Vlad Ureche > Projects
This page presents the different projects I worked or am working on. Some of them are quite old, but I like them so much that I keep them around.
Miniboxing (Scala Compiler Plugin)
I am currently working on improving the performance of generic programs written in Scala by providing a smart mix of compile-time and run-time class specialization. If this short description got you interested, check out the official web page of the miniboxing project or the Scala compiler plugin I'm developing (on github).
If you're interested in using the miniboxing plugin, have a look at:
- The first official miniboxing presentation, at ScalaDays '14
- The PNWScala '14 talk that featured the first miniboxing live demo
- The Devoxx UK '15 talk explaining miniboxing to Java fans
- The ScalaDays '15 San Francisco talk relating Project Valhalla and Miniboxing
If you're more interested in the principles of miniboxing, there are a number of resources available:
- The miniboxing data encoding (paper at OOPSLA '13)
- The code transformation that powers miniboxing (paper at OOPSLA '14)
- Extending the code transformation to allow customization (paper at OOPSLA '15)
- User-friendly performance advisories in Miniboxing (paper at PPPJ '15).
Scaladoc and Scala Backend Improvements
As part of my technical work in the Programming Methods Laboratory (LAMP), I developed two features for Scaladoc: showing implicitly inherited members and showing type hierarchy diagrams. Both features seem to be used in practice quite often. :)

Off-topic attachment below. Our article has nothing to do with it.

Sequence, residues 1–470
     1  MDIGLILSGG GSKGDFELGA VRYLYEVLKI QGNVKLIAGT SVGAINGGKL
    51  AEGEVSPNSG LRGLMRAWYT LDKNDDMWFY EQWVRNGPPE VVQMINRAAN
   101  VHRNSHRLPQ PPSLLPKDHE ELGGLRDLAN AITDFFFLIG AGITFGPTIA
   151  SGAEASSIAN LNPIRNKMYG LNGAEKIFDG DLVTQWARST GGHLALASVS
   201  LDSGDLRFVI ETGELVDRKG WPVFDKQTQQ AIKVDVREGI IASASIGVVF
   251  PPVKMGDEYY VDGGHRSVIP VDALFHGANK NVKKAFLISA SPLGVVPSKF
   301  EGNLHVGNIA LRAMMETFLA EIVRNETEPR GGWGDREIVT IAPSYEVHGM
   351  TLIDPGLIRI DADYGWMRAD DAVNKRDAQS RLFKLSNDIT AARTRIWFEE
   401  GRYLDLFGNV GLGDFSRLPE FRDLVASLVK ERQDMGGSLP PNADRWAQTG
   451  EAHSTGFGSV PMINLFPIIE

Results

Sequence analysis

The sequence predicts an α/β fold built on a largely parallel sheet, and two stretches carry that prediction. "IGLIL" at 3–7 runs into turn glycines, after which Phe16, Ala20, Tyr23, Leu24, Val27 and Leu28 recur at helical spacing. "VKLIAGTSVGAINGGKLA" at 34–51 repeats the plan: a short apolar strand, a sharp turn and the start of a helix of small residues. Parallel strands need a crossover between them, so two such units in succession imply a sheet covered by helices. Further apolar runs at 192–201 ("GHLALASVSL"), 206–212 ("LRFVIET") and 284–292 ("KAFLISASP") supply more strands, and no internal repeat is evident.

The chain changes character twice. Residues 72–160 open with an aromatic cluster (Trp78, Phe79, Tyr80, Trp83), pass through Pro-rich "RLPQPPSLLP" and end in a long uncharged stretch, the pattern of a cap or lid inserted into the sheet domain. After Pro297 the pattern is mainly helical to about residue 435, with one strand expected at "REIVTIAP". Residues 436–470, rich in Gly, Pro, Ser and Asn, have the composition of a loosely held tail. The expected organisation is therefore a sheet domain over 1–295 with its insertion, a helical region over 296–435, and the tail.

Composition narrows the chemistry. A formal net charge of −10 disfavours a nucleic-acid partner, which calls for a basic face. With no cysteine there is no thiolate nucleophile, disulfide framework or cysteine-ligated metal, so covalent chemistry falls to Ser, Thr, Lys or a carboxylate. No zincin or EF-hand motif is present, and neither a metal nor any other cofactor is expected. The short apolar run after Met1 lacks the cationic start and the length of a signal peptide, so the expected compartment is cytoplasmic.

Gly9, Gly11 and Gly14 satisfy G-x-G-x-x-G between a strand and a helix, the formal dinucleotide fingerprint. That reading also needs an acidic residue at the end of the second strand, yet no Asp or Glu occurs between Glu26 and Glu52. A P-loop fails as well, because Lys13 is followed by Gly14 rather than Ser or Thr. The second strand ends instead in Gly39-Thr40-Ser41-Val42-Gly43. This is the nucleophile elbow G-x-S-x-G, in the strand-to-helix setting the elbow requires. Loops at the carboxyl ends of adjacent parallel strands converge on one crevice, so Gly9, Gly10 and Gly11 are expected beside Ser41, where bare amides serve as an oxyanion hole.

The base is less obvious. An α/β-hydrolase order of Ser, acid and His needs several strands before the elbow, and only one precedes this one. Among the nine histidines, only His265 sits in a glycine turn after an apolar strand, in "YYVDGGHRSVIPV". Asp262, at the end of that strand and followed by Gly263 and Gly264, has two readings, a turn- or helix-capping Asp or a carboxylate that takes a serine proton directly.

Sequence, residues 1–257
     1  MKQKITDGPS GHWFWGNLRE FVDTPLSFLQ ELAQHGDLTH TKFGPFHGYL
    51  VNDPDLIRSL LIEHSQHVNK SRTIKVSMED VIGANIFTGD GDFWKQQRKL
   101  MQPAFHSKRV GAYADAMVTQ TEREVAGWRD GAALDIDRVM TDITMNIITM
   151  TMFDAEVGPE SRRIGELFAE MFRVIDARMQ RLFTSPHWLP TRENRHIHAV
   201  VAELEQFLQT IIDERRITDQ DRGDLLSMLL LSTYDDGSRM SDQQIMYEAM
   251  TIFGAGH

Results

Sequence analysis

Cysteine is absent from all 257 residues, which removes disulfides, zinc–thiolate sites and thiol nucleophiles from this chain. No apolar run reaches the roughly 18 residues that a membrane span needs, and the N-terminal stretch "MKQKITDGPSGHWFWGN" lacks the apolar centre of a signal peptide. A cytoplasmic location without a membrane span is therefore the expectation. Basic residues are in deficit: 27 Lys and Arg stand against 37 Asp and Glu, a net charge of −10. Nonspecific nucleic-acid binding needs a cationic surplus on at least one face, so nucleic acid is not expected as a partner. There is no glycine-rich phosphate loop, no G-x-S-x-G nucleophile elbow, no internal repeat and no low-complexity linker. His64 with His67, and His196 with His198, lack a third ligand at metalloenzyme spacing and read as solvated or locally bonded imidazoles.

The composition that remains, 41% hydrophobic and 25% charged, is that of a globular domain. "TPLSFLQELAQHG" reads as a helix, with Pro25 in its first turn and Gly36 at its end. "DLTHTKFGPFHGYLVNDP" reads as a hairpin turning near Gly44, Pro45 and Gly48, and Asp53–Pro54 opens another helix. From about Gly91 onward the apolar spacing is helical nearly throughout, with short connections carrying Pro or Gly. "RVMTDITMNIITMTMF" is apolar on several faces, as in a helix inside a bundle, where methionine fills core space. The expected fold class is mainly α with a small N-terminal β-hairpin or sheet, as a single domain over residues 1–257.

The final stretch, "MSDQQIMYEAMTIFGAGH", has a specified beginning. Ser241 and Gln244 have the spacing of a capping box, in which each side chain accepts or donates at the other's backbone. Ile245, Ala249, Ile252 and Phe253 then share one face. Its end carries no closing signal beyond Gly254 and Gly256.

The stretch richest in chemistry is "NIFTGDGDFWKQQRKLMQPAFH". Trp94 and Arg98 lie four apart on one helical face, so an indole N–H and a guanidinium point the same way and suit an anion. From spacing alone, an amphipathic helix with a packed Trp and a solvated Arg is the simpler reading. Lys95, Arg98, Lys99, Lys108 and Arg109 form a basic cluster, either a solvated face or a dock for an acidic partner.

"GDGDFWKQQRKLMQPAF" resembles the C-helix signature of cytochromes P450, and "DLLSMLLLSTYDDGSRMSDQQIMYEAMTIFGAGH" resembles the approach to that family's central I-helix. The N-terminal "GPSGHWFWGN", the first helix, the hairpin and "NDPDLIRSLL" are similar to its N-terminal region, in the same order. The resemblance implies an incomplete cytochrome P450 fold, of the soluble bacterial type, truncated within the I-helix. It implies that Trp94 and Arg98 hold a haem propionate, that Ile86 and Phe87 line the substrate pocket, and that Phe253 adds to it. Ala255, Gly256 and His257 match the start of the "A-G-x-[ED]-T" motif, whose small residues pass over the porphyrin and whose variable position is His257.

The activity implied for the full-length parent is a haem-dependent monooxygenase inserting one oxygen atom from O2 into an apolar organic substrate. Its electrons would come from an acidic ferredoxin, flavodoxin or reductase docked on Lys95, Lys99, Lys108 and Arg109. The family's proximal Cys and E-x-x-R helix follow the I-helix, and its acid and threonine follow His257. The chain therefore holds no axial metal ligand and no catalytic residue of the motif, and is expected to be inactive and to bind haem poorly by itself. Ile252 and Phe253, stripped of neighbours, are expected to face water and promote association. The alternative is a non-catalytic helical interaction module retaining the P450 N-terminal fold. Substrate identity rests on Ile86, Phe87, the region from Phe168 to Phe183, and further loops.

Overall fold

When I joined the lab I added a backend to phase the Scala compiler for inlining exception handlers, but unfortunately it's going to be phased out in Scala 2.11, with the arrival of Miguel's new backend.
StagedSAC (Multidimensional Array Language Compiler)
When I joined LAMP, I studied optimizing multidimensional array programs, under the supervision of Tiark Rompf, work which led to the development of the StagedSAC compiler. StagedSAC is inspired by the already established SAC compiler, but uses staging to allow new kinds of input-based optimizations. This work was published at PEPM 2012.
Cloud9 Symbolic Execution Engine
Before joining as a PhD student, I worked as an intern at the Dependable Systems Laboratory at EPFL, under Prof. George Candea's supervision. Together with Stefan Bucur and Cristian Zamfir, we worked on validating the idea that symbolic execution can be efficiently parallelized in the cloud, by developing the Cloud9 symbolic execution engine.
The highlights of the internship were the bugs found in software we use and trust everyday, such as the curl download manager or lighttpd web server and diagnosing a Linux kernel livelock that affected our application. We published our results at Eurosys 2011.